The Bottom Line Editorial Board 2017-2018
This year’s Associated Students election will present UCSB students with a rare opportunity to dramatically increase student fees which future generations of students will have to pay. A plan to renovate the UCen, which A.S. President Hieu Le put forward in the fall, has sputtered along from its introduction at the UCen Governance Board on Oct. 16 to its current, poorly updated version. The current version will appear on the ballot for this year’s election.
By publishing fair news stories and opinion pieces both in favor of and against the renovation, The Bottom Line has attempted to objectively cover the renovation ballot initiative. However, because of the project’s high cost and lack of practical value to students, The Bottom Line’s editorial board urges students to vote against the renovation during A.S. elections over April 23-26.
Most importantly, the UCen renovation’s high estimated costs do not justify the proposed improvements. The current estimate is that the project will cost $48 million, which will be funded by a combination of student fees and donations. According to the official language of the current plan, future students are supposed to pay $21.40 per quarter from fall 2018 to the end of construction in 2022. Afterward, they would pay up to $96.06 per quarter until the debt is paid off in 2052.
Students are still paying for the last UCen expansion from 1994; there are three existing UCen-related fees that undergraduates pay for as part of their student fees: the University Center fee ($7.13 per quarter), the UCen Expansion Fee ($20.02 per quarter), and the University Center Fee ($15.00 per quarter).
If students continue to pay those fees as well as fund the potential UCen renovation initiative, they would have to pay up to $141.76 per quarter at the payment plan’s peak. It is unclear whether current UCen-related fees will still be in effect next year. It is also unclear as of press time whether graduate students, who also use the university center, are expected to pay into this program as well.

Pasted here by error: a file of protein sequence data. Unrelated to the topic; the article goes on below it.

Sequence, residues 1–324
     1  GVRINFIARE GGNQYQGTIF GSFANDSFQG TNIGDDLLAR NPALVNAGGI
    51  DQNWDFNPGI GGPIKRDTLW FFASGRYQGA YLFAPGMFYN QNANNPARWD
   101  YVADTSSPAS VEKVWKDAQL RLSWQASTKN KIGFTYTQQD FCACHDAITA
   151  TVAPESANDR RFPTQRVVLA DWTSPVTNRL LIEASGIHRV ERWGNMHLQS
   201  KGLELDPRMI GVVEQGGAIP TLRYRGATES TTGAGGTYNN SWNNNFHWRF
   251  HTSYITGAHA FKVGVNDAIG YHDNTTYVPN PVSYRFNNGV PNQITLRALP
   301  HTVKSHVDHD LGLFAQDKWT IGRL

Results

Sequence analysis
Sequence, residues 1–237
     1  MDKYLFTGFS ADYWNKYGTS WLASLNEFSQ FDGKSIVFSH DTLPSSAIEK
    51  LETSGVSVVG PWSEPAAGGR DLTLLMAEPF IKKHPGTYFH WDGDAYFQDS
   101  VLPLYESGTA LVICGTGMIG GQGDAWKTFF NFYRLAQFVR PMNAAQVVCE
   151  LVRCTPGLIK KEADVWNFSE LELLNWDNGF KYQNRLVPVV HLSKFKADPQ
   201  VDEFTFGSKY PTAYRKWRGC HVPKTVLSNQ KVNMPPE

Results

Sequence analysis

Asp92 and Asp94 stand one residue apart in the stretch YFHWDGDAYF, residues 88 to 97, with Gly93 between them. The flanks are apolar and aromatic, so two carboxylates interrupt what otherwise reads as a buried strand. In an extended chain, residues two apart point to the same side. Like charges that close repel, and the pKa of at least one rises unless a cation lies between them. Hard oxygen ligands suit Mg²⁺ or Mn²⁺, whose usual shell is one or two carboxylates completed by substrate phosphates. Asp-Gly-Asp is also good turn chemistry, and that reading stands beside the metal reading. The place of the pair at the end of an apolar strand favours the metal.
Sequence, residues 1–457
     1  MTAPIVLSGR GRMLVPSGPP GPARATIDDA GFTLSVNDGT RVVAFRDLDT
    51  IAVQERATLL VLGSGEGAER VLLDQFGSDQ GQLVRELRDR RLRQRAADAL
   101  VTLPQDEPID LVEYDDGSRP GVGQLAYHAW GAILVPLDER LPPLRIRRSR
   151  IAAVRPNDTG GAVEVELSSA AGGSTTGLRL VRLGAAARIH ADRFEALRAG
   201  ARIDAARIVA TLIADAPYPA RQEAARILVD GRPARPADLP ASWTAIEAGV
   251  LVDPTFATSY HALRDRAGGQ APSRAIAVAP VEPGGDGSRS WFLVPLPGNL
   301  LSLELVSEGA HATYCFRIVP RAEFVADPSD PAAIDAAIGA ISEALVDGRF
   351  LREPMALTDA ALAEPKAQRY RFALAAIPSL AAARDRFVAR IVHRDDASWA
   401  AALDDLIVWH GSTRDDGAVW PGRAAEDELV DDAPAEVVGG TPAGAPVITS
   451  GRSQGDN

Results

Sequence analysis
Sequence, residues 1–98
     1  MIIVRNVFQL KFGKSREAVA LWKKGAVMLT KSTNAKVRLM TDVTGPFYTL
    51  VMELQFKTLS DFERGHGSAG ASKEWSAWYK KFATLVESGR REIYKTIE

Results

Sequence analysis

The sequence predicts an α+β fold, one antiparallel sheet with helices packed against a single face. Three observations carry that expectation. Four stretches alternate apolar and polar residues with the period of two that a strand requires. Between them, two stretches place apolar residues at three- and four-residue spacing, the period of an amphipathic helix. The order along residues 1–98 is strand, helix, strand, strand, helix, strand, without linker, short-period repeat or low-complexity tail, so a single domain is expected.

Previously, Le said that the university staff who run fundraising efforts on campus expect to raise “$10 to $20 million in outside money based on their experience with other campus projects.” Le also projected that for every $400,000 in donations, students can expect to pay $1.50 less from the proposed numbers. Unless that money is already in the university’s clutches, it’s unreasonable to count on it.
Le and his proponents may argue the proposed fee increases are a drop in the bucket compared to ever-rising tuition hikes, but they would represent 3.5 and 15.8 percent increases, respectively, in student fees from what UCSB students pay now. Undergraduates on campus already pay large student fees every year: up to $606.90 per quarter, which equates to approximately $1,820 per year.
In fact, there is strong evidence that students prioritize other issues much more highly. A survey published in the 2014 A.S. Strategic Plan found that only 14.8 percent of students agreed the UCen needed improvements or additions. The proposal was the 12th-highest priority among options for A.S. to work on over the next several years.
That number would have been even lower if not for the large number of surveyed students involved in A.S., who preferred improving the UCen more than their non-A.S. peers did. Almost 37 percent of students surveyed in 2014 who were involved in A.S. favored improvements to the UCen, making it the third highest priority among students in A.S.